The challenges kept coming for the Kentucky Children's Garden, right up until the ribbon-cutting ceremony Saturday, when a light drizzle became a steady rain.
But the weather didn't faze the intended audience. Parents huddled under umbrellas while their gleefully sodden children charged into the 1.85-acre garden — really, a series of child-sized theme gardens relating to Kentucky's different geological regions, connected by sidewalks and waterways.
The Children's Garden, built at The Arboretum on Alumni Drive, remains a work in progress, said Marcia Farris, Arboretum director.
"This last week was nothing but a miracle, believe me," Farris said. "If you had seen this place last Friday, you would have said, 'It won't be ready to open.' But then the volunteers started coming in. Almost everything you see behind you" — she waved one hand — "was put in last week."
Never miss a local story.
Thousands of people have donated their time, sweat, expertise and money since the Children's Garden first was designed in 2004, Farris said. The nonprofit group Friends of the Arboretum raised $1.2 million and hopes to raise $100,000 more for some finishing touches, including a "stewardship circle" to teach children about soil erosion and a log cabin to represent Kentucky's pioneer history.
The garden replaces a 25-square-foot plot used by children elsewhere in the Arboretum, which was inadequate, Farris said.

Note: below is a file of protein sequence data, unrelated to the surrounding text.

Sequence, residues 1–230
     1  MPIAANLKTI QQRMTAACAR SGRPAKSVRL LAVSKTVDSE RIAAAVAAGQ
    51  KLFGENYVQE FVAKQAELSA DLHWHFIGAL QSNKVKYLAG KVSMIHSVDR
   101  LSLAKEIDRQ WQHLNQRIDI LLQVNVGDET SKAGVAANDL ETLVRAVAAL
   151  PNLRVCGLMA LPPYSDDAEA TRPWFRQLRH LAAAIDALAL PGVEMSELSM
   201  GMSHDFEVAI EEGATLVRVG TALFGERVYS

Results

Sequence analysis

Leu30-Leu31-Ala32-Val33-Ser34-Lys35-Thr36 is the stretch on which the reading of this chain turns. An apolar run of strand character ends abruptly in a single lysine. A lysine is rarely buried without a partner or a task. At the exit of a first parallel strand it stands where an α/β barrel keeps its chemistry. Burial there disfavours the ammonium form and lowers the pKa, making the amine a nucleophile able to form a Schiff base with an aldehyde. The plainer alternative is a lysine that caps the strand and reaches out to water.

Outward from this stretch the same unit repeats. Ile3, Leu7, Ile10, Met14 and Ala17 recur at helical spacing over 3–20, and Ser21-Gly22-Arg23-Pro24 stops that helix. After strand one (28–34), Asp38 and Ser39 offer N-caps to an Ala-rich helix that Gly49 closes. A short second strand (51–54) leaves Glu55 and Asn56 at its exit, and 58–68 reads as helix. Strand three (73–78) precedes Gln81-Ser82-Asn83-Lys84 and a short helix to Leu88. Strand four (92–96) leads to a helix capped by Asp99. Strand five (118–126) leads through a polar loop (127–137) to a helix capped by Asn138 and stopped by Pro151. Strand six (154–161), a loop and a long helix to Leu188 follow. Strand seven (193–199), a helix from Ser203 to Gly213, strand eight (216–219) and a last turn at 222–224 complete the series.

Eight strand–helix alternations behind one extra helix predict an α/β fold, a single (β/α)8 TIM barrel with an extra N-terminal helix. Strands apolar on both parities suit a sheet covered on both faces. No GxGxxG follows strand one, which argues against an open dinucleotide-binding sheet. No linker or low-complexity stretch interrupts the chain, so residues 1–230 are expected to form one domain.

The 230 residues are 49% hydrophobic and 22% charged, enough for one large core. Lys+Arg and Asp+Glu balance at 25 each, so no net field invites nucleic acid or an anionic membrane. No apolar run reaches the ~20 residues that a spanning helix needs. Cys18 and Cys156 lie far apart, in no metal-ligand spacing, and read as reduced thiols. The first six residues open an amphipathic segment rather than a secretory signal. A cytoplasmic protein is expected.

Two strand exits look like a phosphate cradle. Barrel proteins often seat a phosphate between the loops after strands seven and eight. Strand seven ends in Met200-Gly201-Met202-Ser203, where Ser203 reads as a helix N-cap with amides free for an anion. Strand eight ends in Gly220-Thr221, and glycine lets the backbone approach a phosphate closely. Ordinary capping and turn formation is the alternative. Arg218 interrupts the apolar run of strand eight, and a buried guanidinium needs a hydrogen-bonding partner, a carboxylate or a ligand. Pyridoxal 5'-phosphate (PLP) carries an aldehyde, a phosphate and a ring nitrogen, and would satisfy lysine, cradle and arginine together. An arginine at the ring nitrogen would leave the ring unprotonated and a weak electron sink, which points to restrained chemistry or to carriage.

The 100-acre Arboretum is operated by the University of Kentucky and the Lexington-Fayette Urban County Government. Although the Arboretum is free to visitors, the Children's Garden will charge $3 for ages 2 and up — children under 2 will be free — or $10 for a family. Household memberships will be available for $50 a year.
Deep inside the garden on Saturday, Connor McCurdy, 5, explored a small, stone-lined cave with two other children, examining ants and spider webs. His mother, Ashley, patiently waited outside in the rain.
"This is really fascinating him," Ashley McCurdy said. "We've been talking at home about hibernating animals. He said he might find a bear in the cave."
Other features include a small lake with a stone footpath through it; a rock-lined stream and cascades; a Native American encampment, with a child-sized wigwam woven out of cattails and blue-stemmed grass; and vegetable, herb and flower gardens.
The garden's nature center might look familiar to people who attended last year's Alltech FEI World Equestrian Games, because that's where it debuted. Designed by Jon Carloftis, the cottage is built of old materials found around the Bluegrass, such as bricks from Lexington streets and tobacco stakes from local farms.
The garden will be staffed whenever it's open, with programs that include storytelling, hikes and nature lessons, Farris said.
"It's going to be wonderful," said Emily Brittingham, whose 3-year-old son, Beckett, played at the gardening shed. Nearby was a "pizza garden," with tomatoes, peppers, onions, basil and oregano.
"It's a great, safe environment for the kids to explore and learn about nature — and it's more for them to do than going back to the playground again," Brittingham said.